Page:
So I just read books designated as literature. What that means was I looked for publishers like Penguin Classics and Vintage Classics in airport bookstores. I read Crime and Punishment when I was around fifteen — I still recall finishing it in a Hong Kong vacation while waiting for my third sister to finish up her FitnessFirst session — and grumbled reading Catcher in the Rye the next year. Around that time, I also discovered Jude the Obscure by Thomas Hardy by pure accident — the cover was pretty, it was published by Vintage Classics, and my username was similar to the eponymous character on several websites — so I read it on one bus journey to the local gym and loved it. And of course, The Great Gatsby by F. Scott Fitzgerald taught me about the strange, metaphysical concept known as the American Dream. Everything I read was literature. I barely touched Calvin and Hobbes anthologies again and forgot Douglas Adams. All I did was read the well-loved books written by the deadest of old white men from the Western literary canon, which I later learned about and obsessed over.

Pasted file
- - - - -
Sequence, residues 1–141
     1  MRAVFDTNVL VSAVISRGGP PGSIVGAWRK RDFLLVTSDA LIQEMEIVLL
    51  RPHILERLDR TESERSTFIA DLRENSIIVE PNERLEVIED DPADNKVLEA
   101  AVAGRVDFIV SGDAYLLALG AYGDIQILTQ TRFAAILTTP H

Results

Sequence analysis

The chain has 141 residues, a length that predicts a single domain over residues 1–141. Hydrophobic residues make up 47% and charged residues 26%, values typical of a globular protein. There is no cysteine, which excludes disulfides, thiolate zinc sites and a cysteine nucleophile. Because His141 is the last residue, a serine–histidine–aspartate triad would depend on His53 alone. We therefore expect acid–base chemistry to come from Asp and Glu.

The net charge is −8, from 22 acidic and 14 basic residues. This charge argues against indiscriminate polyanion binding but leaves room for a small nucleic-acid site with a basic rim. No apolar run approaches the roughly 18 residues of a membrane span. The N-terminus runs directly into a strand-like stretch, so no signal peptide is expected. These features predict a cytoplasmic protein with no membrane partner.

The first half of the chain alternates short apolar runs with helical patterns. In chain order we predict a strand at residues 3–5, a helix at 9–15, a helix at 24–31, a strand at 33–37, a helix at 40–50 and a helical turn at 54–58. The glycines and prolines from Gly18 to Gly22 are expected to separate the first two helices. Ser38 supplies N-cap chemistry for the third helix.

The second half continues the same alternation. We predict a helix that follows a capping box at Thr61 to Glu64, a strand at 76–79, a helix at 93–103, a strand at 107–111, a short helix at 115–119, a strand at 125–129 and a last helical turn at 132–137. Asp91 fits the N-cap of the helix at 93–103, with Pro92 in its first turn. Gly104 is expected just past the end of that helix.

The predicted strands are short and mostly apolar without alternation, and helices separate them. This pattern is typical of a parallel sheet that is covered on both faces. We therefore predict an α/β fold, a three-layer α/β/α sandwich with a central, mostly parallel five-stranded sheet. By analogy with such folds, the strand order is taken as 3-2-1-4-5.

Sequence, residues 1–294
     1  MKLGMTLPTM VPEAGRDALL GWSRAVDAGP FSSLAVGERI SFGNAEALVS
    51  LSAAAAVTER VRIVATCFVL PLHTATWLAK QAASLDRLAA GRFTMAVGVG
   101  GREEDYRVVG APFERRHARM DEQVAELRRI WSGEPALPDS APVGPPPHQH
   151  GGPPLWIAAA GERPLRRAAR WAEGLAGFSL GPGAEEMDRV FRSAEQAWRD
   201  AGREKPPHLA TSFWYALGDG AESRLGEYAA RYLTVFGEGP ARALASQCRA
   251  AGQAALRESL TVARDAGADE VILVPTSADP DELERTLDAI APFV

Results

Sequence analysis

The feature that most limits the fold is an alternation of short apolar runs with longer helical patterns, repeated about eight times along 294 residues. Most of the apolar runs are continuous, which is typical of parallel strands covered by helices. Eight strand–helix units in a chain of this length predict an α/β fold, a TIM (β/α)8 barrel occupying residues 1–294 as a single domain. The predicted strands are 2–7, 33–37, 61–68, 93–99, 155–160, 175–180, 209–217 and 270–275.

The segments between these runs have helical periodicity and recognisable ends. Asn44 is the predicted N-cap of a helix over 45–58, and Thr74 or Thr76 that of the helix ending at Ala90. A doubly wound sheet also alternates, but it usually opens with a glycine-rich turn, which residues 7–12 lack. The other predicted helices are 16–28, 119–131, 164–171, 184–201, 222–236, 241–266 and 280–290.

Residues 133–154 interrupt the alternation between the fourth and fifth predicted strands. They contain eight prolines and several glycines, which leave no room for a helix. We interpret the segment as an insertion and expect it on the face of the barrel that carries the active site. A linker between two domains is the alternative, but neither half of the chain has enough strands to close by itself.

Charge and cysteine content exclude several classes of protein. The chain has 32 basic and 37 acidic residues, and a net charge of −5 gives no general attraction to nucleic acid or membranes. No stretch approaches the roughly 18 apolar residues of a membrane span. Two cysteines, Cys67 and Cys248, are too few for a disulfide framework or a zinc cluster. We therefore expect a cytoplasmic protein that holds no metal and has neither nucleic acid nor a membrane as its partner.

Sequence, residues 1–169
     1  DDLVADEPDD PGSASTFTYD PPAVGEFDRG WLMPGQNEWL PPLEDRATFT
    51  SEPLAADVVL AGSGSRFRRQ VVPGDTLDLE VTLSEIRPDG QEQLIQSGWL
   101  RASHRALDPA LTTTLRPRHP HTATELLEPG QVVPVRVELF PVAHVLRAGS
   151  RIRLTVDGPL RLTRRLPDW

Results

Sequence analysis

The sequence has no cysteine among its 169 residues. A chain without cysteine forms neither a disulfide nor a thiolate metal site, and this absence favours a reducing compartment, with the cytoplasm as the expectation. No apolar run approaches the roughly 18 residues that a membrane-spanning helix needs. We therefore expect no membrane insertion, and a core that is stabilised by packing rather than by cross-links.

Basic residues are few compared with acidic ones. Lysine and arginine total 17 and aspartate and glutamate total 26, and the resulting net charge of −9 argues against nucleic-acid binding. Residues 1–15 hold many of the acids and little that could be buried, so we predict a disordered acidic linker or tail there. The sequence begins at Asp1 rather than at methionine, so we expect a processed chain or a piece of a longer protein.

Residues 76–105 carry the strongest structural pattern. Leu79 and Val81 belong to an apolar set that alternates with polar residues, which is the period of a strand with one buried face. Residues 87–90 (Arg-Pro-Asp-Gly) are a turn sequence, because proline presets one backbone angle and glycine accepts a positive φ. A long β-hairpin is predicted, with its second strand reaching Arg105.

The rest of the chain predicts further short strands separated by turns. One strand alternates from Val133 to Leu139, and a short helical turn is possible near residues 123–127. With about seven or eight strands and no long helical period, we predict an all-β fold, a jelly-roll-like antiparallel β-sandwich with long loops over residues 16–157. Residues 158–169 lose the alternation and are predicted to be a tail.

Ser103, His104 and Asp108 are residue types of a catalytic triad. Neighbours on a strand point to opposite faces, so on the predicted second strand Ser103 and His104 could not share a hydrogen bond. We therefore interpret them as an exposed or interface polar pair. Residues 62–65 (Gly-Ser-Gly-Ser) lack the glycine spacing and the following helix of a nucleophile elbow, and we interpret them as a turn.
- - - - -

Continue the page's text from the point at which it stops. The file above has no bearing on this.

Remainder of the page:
I wanted to read 1,000 classics and be the ideal American adult. That meant I needed to force myself to read 70 pages per day. I was an excruciatingly slow reader then (probably .2 pages per hour), so I suffered reading some of the dullest books I knew. A Tale of Two Cities by Charles Dickens bored me in a few pages and Pride and Prejudice by Jane Austen was only interesting to me if it had zombies. But I wanted to finish them regardless, so with most books I tolerated the dull writing and flipped the page.

After all, I wanted to speak, read, and write good English. Studying can be dull most of the times, so this was normal.

I started constructing sentences based on the literary novels I’ve read so far. Most of my essays then were stilted and featured a bizarre amount of tense errors and run-on sentences. I thought at one point that I would never be able to write a good English essay like anyone. Rereading my own essays made me realize how foreign my English was. I started looking for internet recourses and found TV Tropes to help with my literary criticism, but for obvious reasons that I may someday write about, it actually ruined my essay-writing skills.